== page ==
OJ Simpson’s father was a San Francisco drag queen known as Mama

From SFist: “OJ Simpson’s father, who came out as gay and was largely absent from the family once Simpson turned four years old, became a local drag queen known as Mama Simpson. A documentary on OJ interviewed one of his childhood friends, Calvin Tennyson, who recalled a visit he and OJ made to Jimmy Lee Simpson’s apartment. “When his dad opened the door, he was in a bathrobe, which is not a crime. But then his dad kind of opened the door more, and there was a guy in the back in a bathrobe too. So it was obvious that his dad was gay.” A book about OJ quoted a source as saying Mama Simpson frequently dressed in drag and “everyone knew he was O.J.’s dad.”

What happened when a journalist went undercover as a high school student

From The Chronicle: “San Francisco Chronicle reporter Shann Nix probably should have been on her honeymoon in September 1992 when she took on an assignment she would still be thinking about decades later. Nix, then 26, changed her home answering machine, instructed her new husband to act like her father if he answered the phone and then went undercover for a month, posing as a student at George Washington High School in San Francisco. The result was the four-part “Undercover Student” project, a front-page exposé that today is both increasingly fascinating and increasingly shocking. It had an impact on a lot of people, including students who are now adults, and the reporter herself. And 32 years later, they still have a lot to say about it.”

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Can a simple infection cause psychiatric illness in teens? Some doctors say it can

From Undark: “Their son’s symptoms appeared, seemingly out of the blue: He’d meticulously line up pencils in groups of five, recite prayers unrelentingly, make homework illegible as he had to erase or cross out every C, D, and F. Eating, too, became a chore. If he had a contaminating thought while taking a bite, he’d have to spit out the food, wash his mouth, and try again, but the new bite couldn’t have touched the old one. Their pediatrician asked an intriguing question: “Has he had any unusual infections recently — you know about PANDAS, right?” The term was short for pediatric autoimmune neuropsychiatric disorders associated with streptococcal infections, first outlined in 1998.”

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Notorious crime kingpin reveals details about his whereabouts in Google reviews

Kinahan cartel civil war breaking out behind bars as infamous gang ...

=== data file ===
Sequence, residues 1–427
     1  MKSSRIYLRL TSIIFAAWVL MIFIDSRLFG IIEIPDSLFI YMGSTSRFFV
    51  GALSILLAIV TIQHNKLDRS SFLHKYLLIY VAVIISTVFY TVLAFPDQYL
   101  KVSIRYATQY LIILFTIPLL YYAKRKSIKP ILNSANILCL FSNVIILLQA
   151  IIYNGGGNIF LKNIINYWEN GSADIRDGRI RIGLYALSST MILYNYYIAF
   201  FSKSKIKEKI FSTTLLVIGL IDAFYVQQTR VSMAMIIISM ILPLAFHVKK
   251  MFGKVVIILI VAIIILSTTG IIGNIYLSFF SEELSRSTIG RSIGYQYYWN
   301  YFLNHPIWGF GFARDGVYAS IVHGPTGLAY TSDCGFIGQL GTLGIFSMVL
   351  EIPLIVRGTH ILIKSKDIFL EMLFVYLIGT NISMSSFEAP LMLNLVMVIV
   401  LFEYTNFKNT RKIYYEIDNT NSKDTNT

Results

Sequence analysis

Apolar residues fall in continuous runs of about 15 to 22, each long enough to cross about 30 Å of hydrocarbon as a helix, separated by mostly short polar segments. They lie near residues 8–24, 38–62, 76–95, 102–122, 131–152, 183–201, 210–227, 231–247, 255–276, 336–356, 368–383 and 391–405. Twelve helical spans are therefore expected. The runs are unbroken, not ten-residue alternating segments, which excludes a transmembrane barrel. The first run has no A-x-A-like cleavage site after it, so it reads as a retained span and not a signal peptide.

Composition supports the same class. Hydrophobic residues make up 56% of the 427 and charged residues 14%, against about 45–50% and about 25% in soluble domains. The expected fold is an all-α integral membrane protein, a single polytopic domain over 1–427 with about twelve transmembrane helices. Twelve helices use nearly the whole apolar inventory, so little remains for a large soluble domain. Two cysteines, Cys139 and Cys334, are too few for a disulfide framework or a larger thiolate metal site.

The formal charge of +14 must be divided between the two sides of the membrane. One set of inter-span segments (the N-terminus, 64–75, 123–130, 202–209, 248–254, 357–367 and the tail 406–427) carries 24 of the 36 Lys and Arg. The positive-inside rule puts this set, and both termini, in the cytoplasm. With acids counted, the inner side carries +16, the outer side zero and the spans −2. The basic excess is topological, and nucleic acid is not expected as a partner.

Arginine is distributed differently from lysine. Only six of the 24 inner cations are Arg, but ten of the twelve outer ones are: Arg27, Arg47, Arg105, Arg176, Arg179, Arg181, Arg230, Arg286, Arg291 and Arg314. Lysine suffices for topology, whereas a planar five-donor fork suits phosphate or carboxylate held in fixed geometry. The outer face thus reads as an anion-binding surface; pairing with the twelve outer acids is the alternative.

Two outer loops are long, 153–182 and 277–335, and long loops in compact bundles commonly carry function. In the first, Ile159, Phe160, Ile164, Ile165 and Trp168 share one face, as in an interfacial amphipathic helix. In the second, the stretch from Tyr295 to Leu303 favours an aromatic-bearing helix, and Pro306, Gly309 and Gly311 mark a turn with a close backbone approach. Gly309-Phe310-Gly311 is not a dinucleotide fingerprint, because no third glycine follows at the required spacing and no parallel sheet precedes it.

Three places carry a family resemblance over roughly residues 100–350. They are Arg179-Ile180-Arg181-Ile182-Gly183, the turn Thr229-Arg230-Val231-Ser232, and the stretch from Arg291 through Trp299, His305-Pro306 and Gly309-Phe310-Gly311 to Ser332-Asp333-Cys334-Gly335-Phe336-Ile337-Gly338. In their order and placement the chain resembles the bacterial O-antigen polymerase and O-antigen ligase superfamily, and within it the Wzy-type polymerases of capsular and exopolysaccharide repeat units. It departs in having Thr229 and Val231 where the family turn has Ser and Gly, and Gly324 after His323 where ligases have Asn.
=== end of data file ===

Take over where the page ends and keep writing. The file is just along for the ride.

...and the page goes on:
From Bellingcat: “One of the world’s most wanted men, a notorious narco kingpin whose gang is implicated in multiple murders, has left a trail of Google reviews providing valuable new insights into his movements and whereabouts over the past five years. Christopher Kinahan Sr is the head of the notorious Kinahan Organised Crime Group, which originated in Ireland and is known as the Kinahan Cartel. Police believe the gang has amassed profits of over $1 billion through the trade of illegal narcotics, arms trafficking and money laundering. The US Government is currently offering a collective $15 million bounty for information leading to the arrest of Kinahan and his two sons.”

The treadmill was originally a device for rehabilitating prisoners

Treadmills atonement

From JSTOR Daily: “Two hundred years ago, the treadmill was invented in England as a prison rehabilitation device. It was meant to cause the incarcerated to suffer and learn from their sweat. It would mill a bit of corn or pump some water as a bonus. William Cubitt, a civil engineer raised in a family of millwrights, created the treadmill in 1818. Early attempts at the treadmill’s design took many forms, including two wheels you walked on whose cogs interlocked. But his most popular edition involved a wide wheel. Prisoners pressed down with their feet on steps embedded in the wheel, which moved it, and the treadmill was hooked up to subterranean machinery that ground corn.”

Scientists are still puzzled by the gobs of gelatinous goo that fell in 1994

a child holding gelatinous ocean creature similar in texture to oakville blobs

From IFLScience: “On August 7, 1994, the Oakville Blobs first arrived. They rained down from the sky in flecks of goo smaller than a grain of rice, but at such a high volume that they became visible across the ground and on shed roofs, including that of Oakville resident Sunny Barclift. One theory was that it had something to do with blowing up jellyfish. Bombs were being dropped in the Pacific Ocean off the coast of Washington by the 354th Fighter Squadron at the time, and the chief of police received a tip-off that detonating a school of jellyfish might be the source of the Oakville Blobs. Several Oakville residents became ill with similar flu-like symptoms after coming into contact with Oakville Blobs, but whether this was a direct consequence can’t be known for certain.”

Dad sends mom Photoshopped pics whenever she asks how the kids are

Acknowledgements: I find a lot of these links myself, but I also get some from other newsletters that I rely on as “serendipity engines,” such as The Morning News from Rosecrans Baldwin and Andrew Womack, Jodi Ettenberg’s Curious About Everything, Dan Lewis’s Now I Know, Robert Cottrell and Caroline Crampton’s The Browser, Clive Thompson’s Linkfest, Noah Brier and Colin Nagy’s Why Is This Interesting, Maria Popova’s The Marginalian, Sheehan Quirke AKA The Cultural Tutor, the Smithsonian magazine, and JSTOR Daily. If you come across something interesting that you think should be included here, please feel free to email me.

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